And so really, like I said, Christine did the lion share of the work here and, it, so the survey just came out this week for folks to take. So we really encourage everybody to be sure to click on that link and take the survey. It doesn't take very long to do. 

I will say, Jenny, one of the questions we added and, and Christine can maybe add to this as well as we thought it would be interesting just with everything that's changed because of COVID there's been a lot of transition in people's work. They've gone from one place to the other, and we thought it would be interesting. you know, to see how long people think they're going to stay in the position they're currently in. And are they thinking about moving to another position somewhere else? Or are they thinking about retirement? Because we keep hearing about all these people who are going to be retiring in the next few years. And then there are people like me who are just happy, where we are and glad to have a job and we're going to stay there. So, you know, I think we try to add questions that, you know were more, they weren't just compensation focused, but they were also questions that would help us understand the risk management workforce as well.

Do you have any, I mean, do you agree with that? Christine, anything else to add to that? 

Christine Eick: We found from previous surveys, the things that were significant in relation to salary. So, for example, the size staff that you supervised, whether you were a research university or not, universities, with hospitals, and we found different factors, that influence salary, and some have been consistent survey over survey. But it will be interesting to see if there are any changing trends. One of the trends that I have seen change dramatically since I entered higher education risk management in the nineties is the number of women. When I first started attending URMIA and also, RIMA and PRIMA. I was very much in the minority as a woman and very much in the minority as a twenty-something year old when I first started attending the meetings.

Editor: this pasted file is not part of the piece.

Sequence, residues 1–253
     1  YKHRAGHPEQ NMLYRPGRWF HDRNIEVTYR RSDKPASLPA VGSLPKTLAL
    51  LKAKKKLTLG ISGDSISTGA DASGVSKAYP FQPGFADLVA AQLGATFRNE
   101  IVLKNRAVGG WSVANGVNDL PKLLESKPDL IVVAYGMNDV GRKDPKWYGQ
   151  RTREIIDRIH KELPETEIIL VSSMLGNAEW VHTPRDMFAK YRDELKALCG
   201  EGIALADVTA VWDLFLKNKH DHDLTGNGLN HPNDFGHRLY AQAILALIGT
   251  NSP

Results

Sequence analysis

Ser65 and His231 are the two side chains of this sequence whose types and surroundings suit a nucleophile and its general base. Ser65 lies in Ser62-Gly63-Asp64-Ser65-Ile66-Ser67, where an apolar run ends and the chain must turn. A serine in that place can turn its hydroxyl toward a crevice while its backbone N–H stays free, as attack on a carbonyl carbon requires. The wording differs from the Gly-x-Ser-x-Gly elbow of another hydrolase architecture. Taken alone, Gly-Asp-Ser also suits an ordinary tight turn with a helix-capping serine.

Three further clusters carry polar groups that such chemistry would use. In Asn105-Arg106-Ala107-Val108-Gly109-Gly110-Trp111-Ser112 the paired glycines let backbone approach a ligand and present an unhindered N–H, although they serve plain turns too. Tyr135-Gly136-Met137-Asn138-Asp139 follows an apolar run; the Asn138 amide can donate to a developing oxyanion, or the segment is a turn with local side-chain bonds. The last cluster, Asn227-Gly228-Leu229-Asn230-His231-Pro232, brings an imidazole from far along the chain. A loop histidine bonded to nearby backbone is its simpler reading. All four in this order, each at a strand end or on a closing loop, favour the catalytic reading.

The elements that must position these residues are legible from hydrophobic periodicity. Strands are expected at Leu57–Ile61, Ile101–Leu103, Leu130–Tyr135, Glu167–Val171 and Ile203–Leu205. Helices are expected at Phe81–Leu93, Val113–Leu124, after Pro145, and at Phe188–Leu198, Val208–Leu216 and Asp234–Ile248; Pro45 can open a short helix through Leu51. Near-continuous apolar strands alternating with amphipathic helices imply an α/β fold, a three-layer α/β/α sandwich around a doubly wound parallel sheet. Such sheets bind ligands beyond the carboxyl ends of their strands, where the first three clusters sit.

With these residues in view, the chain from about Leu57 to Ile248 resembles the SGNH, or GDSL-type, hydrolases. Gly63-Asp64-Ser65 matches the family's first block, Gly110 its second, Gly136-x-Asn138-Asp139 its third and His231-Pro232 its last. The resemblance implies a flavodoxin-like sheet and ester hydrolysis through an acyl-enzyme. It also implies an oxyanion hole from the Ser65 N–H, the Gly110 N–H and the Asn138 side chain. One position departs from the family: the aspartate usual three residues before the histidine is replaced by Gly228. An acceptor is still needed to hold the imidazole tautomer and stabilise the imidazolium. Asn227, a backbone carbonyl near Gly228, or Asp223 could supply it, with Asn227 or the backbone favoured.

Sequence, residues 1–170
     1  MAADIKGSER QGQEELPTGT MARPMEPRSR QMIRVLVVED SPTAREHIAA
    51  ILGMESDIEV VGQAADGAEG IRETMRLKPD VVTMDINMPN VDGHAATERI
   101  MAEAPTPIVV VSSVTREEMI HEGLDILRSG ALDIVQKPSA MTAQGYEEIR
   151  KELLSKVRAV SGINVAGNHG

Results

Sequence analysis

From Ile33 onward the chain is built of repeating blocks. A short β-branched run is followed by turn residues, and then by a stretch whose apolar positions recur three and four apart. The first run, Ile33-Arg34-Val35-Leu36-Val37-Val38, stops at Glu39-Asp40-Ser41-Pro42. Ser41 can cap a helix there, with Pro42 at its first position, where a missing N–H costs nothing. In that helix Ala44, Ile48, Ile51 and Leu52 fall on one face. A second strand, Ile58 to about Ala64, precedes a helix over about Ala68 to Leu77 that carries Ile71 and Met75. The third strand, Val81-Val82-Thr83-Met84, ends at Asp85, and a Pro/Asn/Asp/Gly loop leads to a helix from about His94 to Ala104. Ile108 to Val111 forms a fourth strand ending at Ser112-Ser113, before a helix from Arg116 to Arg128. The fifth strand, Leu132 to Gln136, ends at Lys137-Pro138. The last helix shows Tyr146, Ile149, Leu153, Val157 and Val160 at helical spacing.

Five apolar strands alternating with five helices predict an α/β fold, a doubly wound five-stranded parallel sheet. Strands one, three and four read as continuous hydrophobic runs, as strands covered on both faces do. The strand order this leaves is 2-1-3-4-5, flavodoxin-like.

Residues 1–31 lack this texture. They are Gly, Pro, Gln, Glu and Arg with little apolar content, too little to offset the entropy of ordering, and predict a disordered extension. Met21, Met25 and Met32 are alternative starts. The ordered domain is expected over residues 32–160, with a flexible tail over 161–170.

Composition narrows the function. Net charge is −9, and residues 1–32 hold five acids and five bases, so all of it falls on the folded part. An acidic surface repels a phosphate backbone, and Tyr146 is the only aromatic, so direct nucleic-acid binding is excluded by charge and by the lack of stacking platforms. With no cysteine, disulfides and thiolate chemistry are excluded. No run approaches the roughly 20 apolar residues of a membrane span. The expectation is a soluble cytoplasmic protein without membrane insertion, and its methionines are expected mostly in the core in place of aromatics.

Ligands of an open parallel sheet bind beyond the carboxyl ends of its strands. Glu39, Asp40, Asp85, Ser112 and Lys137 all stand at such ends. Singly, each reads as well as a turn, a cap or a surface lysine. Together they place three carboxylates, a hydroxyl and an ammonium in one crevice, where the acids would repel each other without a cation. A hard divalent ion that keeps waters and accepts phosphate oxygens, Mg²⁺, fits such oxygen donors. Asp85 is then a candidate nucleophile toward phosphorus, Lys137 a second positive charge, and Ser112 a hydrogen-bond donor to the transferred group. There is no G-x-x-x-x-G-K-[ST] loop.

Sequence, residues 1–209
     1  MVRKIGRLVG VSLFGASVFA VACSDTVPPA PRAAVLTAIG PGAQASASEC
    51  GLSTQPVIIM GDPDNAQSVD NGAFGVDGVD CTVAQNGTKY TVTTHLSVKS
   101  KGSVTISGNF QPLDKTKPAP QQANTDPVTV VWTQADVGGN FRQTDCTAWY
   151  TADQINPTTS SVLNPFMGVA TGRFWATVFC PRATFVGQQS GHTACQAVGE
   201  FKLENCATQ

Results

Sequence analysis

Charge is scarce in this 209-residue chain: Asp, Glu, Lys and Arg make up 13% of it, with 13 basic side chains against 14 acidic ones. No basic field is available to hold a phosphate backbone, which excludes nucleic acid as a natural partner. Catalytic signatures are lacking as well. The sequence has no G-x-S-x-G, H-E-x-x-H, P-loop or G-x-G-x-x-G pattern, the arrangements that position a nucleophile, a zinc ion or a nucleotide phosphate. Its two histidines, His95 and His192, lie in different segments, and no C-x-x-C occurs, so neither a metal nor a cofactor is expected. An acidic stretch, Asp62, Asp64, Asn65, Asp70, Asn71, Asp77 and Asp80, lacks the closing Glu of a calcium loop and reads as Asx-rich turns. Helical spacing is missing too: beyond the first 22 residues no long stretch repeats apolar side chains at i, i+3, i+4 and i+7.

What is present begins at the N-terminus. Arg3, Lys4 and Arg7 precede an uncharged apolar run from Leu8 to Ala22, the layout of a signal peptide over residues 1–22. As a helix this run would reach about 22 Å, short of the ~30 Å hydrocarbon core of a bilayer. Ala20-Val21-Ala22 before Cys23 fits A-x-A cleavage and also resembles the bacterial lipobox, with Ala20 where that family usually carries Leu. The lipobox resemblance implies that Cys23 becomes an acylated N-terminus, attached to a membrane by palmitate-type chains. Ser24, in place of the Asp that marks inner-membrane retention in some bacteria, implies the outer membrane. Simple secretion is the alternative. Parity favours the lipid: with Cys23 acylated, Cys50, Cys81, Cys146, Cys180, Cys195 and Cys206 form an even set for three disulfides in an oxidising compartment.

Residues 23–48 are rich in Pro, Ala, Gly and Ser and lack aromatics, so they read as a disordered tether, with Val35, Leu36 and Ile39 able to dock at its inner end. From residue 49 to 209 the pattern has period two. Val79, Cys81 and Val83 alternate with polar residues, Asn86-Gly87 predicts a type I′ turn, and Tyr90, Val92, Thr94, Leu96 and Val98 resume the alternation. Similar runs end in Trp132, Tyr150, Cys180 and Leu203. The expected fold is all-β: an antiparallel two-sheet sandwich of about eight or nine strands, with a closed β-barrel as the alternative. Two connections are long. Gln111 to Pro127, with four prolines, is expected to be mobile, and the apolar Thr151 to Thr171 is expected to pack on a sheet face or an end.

So that is something that's also interesting. And, when you're taking the survey and you may wonder why some of the questions are being asked, there's a reason behind everything.

Jenny Whittington: Absolutely. And I love that trend. I mean, in the, in the URMIA compendium. That we updated for the annual conference in Boston. I mean just our, demographic, having more women, more people of color. I mean, we've come a long way. I mean, from those early, early pictures pre when you started Christine, but when URMIA had got kicked off, you know, it was a, certainly a very male dominated. white male dominated industry. So yeah, I look forward to seeing, you know, what the results are, and I want to emphasize to everybody listening that we, really want to have great results this year. Can you speak Christine to who is supposed to take the survey? I know, cause that's a little bit complicated.